Animal Legal Defense Fund v. California Exposition and State Fairs Plaintiffs brought a taxpayer action against defendants based on allegations that defendants committed animal cruelty every summer by transporting pregnant pigs and housing them in farrowing crates at the state fair. One defendant, joined by the other, demurred, contending plaintiffs' complaint failed to state a cause of action for three distinct reasons, including that California's animal cruelty laws were not enforceable through a taxpayer action. The trial court agreed on all accounts, and sustained the demurrer without leave to amend. The Court of Appeals addressed only one of plaintiffs' claims, that contrary to the trial court's conclusion, plaintiffs could assert a taxpayer action to enjoin waste arising out of defendants' alleged violation of the animal cruelty laws. Like the trial court, the appeals court rejected plaintiffs' contention, concluding that they could not circumvent the prohibition recognized in Animal Legal Defense Fund v. Mendes (2008) 160 Cal.App.4th 136, which concluded that recognition of a private right of action under West's Ann.Cal.Penal Code § 597t would be inconsistent with the Legislature's entrustment of enforcement of anti-cruelty laws to local authorities and humane societies, by couching their claim as a taxpayer action. The lower court’s decision was therefore affirmed.
Animal Legal Defense Fund Boston, Inc. v. Provimi Veal Corp.


District Court found that federal law preempts Massachusetts's consumer protection statute that requires retailers to inform consumers of relevant information, the disclosure of which may have influenced the buyer or prospective buyer not to enter into the transaction. The District Court also held that the Animal Legal Defense Fund could not enforce a cruelty to animals claim because it involves criminal statutes that only public prosecutors and legislatively-sanctioned groups may enforce.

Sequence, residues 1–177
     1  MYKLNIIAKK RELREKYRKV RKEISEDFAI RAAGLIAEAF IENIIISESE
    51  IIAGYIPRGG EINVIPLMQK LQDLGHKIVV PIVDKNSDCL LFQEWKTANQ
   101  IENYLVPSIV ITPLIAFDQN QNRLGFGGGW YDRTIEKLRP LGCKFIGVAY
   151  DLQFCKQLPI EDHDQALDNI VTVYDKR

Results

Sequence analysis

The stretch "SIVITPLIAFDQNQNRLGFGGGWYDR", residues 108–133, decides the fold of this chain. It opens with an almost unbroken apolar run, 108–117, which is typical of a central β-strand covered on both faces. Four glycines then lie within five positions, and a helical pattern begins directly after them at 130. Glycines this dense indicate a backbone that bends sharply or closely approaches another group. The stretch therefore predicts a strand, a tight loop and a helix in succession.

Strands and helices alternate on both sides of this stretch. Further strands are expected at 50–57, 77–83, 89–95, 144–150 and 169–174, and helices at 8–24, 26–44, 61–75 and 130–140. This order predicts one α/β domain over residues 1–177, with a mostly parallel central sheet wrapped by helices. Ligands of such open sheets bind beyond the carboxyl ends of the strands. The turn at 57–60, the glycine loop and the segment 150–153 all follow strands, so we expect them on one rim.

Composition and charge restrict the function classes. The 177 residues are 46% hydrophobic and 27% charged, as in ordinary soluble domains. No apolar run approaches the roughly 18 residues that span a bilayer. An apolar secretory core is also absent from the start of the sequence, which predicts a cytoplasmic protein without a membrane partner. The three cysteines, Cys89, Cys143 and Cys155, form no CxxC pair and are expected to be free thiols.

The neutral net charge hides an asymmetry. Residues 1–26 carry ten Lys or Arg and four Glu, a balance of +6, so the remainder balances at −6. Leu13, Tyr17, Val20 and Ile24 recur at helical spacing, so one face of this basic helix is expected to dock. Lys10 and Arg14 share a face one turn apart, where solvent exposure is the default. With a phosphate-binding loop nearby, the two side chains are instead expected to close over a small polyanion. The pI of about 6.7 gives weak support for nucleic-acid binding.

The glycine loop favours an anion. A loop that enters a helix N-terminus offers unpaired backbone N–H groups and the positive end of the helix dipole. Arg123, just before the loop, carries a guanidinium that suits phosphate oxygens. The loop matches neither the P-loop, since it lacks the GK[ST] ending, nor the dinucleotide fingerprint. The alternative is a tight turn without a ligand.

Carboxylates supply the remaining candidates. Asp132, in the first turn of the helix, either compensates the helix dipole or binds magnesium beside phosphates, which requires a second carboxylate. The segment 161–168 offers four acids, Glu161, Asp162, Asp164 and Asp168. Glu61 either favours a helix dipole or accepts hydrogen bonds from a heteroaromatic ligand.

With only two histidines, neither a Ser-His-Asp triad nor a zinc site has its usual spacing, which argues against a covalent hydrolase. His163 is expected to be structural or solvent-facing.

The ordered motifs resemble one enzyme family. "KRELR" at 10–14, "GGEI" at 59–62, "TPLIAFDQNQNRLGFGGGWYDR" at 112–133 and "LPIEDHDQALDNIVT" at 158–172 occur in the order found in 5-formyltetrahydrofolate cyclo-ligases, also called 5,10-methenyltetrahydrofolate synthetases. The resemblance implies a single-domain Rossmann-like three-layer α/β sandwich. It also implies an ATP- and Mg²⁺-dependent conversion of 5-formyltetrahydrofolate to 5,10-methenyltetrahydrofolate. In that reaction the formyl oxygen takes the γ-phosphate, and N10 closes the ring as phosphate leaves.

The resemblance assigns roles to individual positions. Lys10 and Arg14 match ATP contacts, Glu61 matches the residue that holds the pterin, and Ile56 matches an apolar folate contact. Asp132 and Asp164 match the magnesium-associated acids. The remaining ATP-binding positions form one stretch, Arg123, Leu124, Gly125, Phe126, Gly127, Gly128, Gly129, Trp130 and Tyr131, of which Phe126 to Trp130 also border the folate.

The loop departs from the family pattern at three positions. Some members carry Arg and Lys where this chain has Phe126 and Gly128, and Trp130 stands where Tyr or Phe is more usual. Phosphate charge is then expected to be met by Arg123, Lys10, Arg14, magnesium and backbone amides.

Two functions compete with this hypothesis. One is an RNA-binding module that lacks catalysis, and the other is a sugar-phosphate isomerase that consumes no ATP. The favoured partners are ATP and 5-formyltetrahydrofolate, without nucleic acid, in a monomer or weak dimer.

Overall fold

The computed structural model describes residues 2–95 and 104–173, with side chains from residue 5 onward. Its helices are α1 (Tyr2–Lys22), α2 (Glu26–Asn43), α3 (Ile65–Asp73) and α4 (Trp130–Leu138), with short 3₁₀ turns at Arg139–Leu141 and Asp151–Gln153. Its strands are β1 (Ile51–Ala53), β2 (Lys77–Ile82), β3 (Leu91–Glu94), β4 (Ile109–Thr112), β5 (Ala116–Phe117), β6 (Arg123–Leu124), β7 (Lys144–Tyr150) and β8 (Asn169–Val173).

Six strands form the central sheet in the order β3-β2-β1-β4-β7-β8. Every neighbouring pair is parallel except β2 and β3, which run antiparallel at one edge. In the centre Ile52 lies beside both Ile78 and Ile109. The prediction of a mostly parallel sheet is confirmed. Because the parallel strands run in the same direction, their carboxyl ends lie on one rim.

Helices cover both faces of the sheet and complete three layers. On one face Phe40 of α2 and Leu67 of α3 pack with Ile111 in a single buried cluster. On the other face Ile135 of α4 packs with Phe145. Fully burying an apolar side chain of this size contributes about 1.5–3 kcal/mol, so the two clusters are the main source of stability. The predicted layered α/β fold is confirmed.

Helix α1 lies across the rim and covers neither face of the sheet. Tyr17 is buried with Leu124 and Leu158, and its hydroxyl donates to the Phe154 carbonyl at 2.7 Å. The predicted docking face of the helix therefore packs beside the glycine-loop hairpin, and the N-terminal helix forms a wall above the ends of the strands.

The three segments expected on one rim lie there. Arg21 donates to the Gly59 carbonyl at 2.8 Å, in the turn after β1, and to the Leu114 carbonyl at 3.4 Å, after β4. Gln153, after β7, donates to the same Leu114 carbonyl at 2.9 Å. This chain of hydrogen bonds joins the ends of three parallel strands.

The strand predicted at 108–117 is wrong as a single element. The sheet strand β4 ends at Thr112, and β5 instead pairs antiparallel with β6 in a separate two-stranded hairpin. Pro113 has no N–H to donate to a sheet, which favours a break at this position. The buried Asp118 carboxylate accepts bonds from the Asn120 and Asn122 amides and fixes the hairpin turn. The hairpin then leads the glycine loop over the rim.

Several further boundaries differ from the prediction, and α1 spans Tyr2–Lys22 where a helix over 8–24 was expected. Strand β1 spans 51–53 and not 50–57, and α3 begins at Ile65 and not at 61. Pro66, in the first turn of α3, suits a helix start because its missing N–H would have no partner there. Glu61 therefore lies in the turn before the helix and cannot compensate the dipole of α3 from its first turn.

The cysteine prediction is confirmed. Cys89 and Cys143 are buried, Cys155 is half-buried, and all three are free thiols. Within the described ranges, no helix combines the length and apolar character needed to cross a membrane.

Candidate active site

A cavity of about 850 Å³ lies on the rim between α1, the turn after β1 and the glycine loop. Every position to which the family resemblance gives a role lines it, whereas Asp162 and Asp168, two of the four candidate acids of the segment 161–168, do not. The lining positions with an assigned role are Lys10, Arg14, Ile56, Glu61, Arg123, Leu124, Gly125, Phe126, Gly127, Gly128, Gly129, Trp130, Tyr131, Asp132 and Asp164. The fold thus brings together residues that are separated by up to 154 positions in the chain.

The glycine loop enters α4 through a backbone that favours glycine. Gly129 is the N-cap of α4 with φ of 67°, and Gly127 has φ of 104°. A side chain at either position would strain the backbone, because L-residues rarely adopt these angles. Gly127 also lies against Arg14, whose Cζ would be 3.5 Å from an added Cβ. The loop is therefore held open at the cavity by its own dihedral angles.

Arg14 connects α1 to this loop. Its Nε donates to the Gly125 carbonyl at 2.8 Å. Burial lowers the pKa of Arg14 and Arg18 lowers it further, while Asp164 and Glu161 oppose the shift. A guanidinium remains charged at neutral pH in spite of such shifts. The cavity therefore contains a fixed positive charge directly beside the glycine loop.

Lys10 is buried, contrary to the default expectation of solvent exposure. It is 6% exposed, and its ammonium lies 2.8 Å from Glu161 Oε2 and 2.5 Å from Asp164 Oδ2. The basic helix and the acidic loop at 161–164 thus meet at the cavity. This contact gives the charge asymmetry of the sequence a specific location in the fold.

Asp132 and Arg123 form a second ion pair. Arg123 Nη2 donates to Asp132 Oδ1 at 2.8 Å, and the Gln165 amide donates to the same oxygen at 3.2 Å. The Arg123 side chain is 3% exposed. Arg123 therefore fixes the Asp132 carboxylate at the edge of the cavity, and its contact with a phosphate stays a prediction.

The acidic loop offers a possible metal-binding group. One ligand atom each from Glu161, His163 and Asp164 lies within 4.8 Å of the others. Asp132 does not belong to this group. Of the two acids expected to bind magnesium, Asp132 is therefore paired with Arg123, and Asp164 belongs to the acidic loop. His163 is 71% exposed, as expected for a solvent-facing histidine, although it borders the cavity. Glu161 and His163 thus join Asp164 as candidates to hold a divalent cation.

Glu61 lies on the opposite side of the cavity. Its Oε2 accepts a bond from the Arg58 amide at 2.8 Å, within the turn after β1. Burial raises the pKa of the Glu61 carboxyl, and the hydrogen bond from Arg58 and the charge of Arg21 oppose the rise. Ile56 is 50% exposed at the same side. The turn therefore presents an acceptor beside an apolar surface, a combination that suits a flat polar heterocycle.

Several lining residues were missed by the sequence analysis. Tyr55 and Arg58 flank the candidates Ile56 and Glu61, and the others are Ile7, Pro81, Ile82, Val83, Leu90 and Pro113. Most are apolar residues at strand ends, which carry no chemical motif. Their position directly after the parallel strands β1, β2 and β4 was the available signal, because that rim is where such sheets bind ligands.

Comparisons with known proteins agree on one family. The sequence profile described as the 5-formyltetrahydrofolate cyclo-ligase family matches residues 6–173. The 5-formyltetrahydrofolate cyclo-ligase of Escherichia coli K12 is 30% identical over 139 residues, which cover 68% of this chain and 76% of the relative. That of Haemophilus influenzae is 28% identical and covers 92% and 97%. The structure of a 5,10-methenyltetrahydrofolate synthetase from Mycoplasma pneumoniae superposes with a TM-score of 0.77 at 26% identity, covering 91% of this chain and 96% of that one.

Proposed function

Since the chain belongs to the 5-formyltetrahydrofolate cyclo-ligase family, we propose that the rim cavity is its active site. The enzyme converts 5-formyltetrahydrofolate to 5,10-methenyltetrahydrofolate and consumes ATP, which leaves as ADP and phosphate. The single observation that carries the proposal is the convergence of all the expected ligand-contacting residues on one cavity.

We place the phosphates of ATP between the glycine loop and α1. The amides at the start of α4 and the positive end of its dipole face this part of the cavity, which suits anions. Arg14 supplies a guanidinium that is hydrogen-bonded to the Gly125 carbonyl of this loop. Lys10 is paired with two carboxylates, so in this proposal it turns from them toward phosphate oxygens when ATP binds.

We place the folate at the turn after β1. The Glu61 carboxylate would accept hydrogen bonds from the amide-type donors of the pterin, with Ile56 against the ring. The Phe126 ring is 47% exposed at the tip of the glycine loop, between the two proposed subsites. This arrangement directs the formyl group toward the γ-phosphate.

Animal Legal Def. Fund v. Wasden In 2012, an animal rights activist went undercover to get a job at an Idaho dairy farm and then secretly filmed ongoing animal abuse there. Mercy for Animals, an animal rights group, publicly released portions of the video, drawing national attention. The dairy farm owner responded to the video by firing the abusive employees who were caught on camera, instituting operational protocols, and conducting an animal welfare audit at the farm. Local law enforcement authorities launched an investigation that culminated in the conviction of one of the employees for animal cruelty. After the video's release, the dairy farm owner and his family received multiple threats. In 2012, an animal rights activist went undercover to get a job at an Idaho dairy farm and then secretly filmed ongoing animal abuse there. Mercy for Animals, an animal rights group, publicly released portions of the video, drawing national attention. The dairy farm owner responded to the video by firing the abusive employees who were caught on camera, instituting operational protocols, and conducting an animal welfare audit at the farm. Local law enforcement authorities launched an investigation that culminated in the conviction of one of the employees for animal cruelty. After the video's release, the dairy farm owner and his family received multiple threats. Animal rights advocacy organization brought action against the Governor and Attorney General of Idaho, challenging statute that criminalized interference with agricultural production facilities as violative of the First Amendment's free speech protections, violative of the Equal Protection Clause of the Fourteenth Amendment, and preempted by federal law. The United States District Court for the District of Idaho entered summary judgment in favor of organization and granted organization's motion to permanently enjoin enforcement of the statute. The court held that 1) Idaho statute criminalizing entry into an agricultural production facility by misrepresentation violated First Amendment; 2) Idaho statute criminalizing obtaining records of an agricultural production facility by misrepresentation did not violate First Amendment; 3) Idaho statute criminalizing obtaining records of an agricultural production facility by misrepresentation did not violate Equal Protection Clause; 4) Idaho statute criminalizing obtaining employment with an agricultural production facility by misrepresentation with the intent to cause economic or other injury to the facility's operations, property, or personnel, did not violate First Amendment; 5) Idaho statute criminalizing obtaining employment with an agricultural production facility by misrepresentation with the intent to cause economic or other injury to the facility's operations, property, or personnel did not violate Equal Protection Clause; and 6) Idaho statute prohibiting a person from entering a private agricultural production facility and, without express consent from the facility owner, making audio or video recordings of the conduct of an agricultural production facility's operations violated First Amendment. Affirmed in part; reversed in part.